With the return of refugees to Afghanistan, Nakamura and his Peshawar-kai also moved to the war-torn country. He opened a clinic in eastern Afghanistan in 1991 and subsequently expanded his activities to other areas. Years later when Afghanistan had a prolonged draught that seriously hampered agricultural production and subsequently resulted in the shortage of food and drinking water, Nakamura started digging wells to secure clean water for the local communities. And in 2003 he launched a project to dig irrigation canals that would supply water for cultivation of various crops. In short, helping Afghanistan to overcome the problem of poverty eventually turned out to be his life-time passion, a devotion that was cut short abruptly on December 4 when the motor vehicle carrying him through the streets of Jalalabad was ambushed by a group of gunmen, killing the good old doctor and his accompanying comrades in arms fighting a different kind of war without carrying any killer weapon with them. His dream was to help people fight poverty and hunger by means of becoming self sufficient and in the process he himself became a victim of the real battlefield.

The story of Nakamura is a good example of how encountering with the reality might change the perception of life and lead people to take a different and a more meaningful road. Addressing the press in later years, Nakamura always said it wasn’t that he wanted to help the poor from the beginning. Rather, circumstances dragged him deeper into such activities and he simply could not leave the work unfinished. Now with the body of the slain 73 year old doctor flown back to Japan last Sunday, the responsibility of finishing his unfinished tasks has been duly handed over to his colleagues in Peshawar-kai, who have vowed not to abandon the works that Nakamura started.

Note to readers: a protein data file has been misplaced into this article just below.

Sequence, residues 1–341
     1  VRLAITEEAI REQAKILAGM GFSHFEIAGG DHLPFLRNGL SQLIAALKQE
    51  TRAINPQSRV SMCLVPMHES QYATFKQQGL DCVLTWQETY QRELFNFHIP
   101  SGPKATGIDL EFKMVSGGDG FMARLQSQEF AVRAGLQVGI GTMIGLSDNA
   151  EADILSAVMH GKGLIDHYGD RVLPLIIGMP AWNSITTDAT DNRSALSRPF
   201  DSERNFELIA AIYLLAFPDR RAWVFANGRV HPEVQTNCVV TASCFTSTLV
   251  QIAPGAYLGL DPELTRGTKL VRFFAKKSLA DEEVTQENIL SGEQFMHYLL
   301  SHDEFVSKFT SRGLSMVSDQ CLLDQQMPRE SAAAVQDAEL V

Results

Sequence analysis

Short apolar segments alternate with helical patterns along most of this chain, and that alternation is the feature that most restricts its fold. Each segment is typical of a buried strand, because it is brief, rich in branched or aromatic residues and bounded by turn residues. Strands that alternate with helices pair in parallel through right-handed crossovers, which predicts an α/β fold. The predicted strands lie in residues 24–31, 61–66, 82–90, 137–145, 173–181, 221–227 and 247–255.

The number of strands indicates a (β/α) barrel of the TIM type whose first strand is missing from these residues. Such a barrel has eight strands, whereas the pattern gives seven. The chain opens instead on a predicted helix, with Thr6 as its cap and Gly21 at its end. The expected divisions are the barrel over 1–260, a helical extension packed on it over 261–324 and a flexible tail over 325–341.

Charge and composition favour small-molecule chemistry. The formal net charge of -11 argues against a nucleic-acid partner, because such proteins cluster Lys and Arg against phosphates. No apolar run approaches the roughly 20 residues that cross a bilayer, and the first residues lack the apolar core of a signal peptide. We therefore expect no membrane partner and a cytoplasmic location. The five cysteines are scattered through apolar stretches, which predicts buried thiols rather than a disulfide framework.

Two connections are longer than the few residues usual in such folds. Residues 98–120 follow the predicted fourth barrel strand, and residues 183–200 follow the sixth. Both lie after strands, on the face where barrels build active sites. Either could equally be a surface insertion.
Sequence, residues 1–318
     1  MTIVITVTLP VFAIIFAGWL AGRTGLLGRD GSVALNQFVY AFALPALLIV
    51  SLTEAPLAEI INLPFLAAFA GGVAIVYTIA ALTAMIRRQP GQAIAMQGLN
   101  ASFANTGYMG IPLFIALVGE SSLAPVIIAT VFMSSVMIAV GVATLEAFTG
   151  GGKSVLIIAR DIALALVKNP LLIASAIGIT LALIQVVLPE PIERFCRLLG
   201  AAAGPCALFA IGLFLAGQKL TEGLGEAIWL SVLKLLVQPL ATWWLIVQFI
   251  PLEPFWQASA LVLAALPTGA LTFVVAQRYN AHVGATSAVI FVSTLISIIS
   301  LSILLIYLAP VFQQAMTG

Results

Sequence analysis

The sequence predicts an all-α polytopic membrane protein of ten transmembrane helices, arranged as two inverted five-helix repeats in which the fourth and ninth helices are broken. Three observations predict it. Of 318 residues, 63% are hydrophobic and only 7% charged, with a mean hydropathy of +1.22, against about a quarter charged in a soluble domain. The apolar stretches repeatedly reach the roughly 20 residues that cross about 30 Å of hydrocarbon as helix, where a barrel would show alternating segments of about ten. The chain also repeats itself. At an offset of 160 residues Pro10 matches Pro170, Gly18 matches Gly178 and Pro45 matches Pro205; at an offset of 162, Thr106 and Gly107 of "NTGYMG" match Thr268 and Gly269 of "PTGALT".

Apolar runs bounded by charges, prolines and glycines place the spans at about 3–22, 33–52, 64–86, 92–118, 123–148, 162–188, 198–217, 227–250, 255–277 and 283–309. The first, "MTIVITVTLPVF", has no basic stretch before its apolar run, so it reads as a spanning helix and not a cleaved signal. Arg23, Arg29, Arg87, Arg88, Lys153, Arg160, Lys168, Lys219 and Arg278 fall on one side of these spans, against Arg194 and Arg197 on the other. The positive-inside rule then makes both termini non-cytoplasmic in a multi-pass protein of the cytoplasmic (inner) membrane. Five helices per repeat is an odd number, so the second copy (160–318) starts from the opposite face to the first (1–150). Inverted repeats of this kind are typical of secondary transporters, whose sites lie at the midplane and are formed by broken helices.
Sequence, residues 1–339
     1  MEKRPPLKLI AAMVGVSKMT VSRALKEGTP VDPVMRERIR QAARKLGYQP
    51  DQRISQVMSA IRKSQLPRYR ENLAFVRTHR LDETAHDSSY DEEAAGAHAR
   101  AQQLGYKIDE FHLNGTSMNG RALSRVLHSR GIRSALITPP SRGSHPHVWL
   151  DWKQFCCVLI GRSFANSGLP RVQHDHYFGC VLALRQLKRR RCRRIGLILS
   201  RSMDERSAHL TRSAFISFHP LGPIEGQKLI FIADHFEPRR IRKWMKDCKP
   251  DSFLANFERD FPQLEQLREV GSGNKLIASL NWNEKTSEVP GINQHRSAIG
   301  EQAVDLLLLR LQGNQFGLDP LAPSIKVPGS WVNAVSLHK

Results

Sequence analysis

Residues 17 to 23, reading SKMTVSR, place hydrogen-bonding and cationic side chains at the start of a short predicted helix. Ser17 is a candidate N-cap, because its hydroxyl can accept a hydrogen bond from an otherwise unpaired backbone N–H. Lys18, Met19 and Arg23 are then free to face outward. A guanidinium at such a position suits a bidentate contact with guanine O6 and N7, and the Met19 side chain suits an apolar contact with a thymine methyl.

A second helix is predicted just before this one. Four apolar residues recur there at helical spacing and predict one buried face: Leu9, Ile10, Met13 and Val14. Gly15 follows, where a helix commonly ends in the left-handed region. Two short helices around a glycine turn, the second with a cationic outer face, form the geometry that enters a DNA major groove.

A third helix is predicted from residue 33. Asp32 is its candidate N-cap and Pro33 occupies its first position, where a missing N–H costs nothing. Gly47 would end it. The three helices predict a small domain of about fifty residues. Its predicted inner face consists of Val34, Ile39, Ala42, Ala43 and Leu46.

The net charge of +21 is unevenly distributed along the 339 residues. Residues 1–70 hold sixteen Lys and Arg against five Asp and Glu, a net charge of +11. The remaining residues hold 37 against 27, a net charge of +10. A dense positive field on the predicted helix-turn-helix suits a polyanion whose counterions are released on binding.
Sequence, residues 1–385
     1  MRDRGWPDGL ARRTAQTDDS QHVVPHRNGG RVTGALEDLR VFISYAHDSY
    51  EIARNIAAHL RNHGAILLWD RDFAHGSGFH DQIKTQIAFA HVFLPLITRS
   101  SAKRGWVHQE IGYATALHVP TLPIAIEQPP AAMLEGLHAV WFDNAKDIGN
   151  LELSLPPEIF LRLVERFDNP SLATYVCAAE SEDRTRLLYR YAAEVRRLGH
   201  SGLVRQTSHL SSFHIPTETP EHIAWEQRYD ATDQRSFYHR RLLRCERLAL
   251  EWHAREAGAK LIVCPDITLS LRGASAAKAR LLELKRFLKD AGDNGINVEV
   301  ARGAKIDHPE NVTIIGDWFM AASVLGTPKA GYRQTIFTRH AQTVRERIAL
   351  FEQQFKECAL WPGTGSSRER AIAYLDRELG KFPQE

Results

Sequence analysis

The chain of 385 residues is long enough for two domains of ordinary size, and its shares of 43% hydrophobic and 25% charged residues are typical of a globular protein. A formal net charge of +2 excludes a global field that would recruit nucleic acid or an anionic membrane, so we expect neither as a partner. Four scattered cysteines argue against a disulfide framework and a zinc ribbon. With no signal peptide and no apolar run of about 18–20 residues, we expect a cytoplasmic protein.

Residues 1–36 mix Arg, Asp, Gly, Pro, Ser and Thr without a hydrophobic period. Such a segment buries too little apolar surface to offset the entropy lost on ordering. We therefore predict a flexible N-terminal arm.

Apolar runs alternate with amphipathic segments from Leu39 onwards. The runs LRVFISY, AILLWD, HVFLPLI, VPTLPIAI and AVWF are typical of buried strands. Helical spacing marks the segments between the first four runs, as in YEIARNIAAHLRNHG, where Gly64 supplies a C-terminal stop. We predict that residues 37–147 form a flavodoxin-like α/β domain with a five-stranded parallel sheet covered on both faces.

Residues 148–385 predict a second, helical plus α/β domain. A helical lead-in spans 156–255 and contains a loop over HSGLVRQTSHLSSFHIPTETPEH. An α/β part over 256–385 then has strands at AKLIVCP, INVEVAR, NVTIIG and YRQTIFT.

Working first in the refugee camps in Pakistan and then inside the war-torn country of Afghanistan was not an easy task at all. It called for devotion as well as a strong heart for ignoring the risks associated to such works. Years of work with the poor had turned Nakamura into such a personality, despite the fact that the US-led invasion of the country following the September 11 terrorist attack resulted in the collapse of security situation as Taliban and Al Qaida resorted to hit and run tactics targeting not only enemy troops, but civilians as well. His devotion eventually paid off as he could win the trust of villagers in eastern Afghanistan where he was running his water development and agricultural project. He was affectionately called by them as “Uncle Murad”.